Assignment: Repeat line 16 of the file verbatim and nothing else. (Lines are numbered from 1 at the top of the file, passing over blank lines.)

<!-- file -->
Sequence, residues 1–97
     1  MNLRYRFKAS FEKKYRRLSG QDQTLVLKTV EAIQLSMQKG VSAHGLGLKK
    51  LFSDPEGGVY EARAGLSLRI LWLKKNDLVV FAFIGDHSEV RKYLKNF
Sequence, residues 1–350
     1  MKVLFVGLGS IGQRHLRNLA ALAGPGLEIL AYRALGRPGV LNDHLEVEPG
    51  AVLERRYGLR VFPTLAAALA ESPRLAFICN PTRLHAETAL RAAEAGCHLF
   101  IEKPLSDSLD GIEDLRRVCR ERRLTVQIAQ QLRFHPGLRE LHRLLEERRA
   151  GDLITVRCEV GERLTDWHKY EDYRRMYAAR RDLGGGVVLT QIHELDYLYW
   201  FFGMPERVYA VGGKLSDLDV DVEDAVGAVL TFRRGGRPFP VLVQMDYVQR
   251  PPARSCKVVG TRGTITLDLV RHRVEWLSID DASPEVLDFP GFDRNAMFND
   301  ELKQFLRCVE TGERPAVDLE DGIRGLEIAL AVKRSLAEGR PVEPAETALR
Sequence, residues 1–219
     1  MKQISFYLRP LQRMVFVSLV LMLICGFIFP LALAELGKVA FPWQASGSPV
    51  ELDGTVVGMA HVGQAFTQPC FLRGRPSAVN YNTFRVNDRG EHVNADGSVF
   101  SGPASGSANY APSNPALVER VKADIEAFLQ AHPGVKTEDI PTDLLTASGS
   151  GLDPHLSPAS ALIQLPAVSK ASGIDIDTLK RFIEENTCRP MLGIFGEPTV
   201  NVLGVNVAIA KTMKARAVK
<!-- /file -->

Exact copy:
   151  GLDPHLSPAS ALIQLPAVSK ASGIDIDTLK RFIEENTCRP MLGIFGEPTV